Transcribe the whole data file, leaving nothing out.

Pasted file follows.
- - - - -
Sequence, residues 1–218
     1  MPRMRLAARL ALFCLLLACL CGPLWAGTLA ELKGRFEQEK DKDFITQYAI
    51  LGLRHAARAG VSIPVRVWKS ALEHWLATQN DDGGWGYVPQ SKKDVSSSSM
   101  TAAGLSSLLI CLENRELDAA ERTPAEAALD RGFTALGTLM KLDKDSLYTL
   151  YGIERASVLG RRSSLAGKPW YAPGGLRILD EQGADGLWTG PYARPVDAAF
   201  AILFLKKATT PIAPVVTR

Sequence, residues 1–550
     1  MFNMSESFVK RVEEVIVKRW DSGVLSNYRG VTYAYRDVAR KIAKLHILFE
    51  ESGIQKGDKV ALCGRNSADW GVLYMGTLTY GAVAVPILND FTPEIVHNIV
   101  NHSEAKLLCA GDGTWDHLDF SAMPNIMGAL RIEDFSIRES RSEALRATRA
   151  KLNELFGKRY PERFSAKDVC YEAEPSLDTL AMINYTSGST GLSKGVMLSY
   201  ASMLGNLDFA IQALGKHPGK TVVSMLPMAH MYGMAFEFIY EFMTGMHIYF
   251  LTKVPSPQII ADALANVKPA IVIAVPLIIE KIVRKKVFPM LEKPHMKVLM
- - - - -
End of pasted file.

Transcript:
Sequence, residues 1–218
     1  MPRMRLAARL ALFCLLLACL CGPLWAGTLA ELKGRFEQEK DKDFITQYAI
    51  LGLRHAARAG VSIPVRVWKS ALEHWLATQN DDGGWGYVPQ SKKDVSSSSM
   101  TAAGLSSLLI CLENRELDAA ERTPAEAALD RGFTALGTLM KLDKDSLYTL
   151  YGIERASVLG RRSSLAGKPW YAPGGLRILD EQGADGLWTG PYARPVDAAF
   201  AILFLKKATT PIAPVVTR

Sequence, residues 1–550
     1  MFNMSESFVK RVEEVIVKRW DSGVLSNYRG VTYAYRDVAR KIAKLHILFE
    51  ESGIQKGDKV ALCGRNSADW GVLYMGTLTY GAVAVPILND FTPEIVHNIV
   101  NHSEAKLLCA GDGTWDHLDF SAMPNIMGAL RIEDFSIRES RSEALRATRA
   151  KLNELFGKRY PERFSAKDVC YEAEPSLDTL AMINYTSGST GLSKGVMLSY
   201  ASMLGNLDFA IQALGKHPGK TVVSMLPMAH MYGMAFEFIY EFMTGMHIYF
   251  LTKVPSPQII ADALANVKPA IVIAVPLIIE KIVRKKVFPM LEKPHMKVLM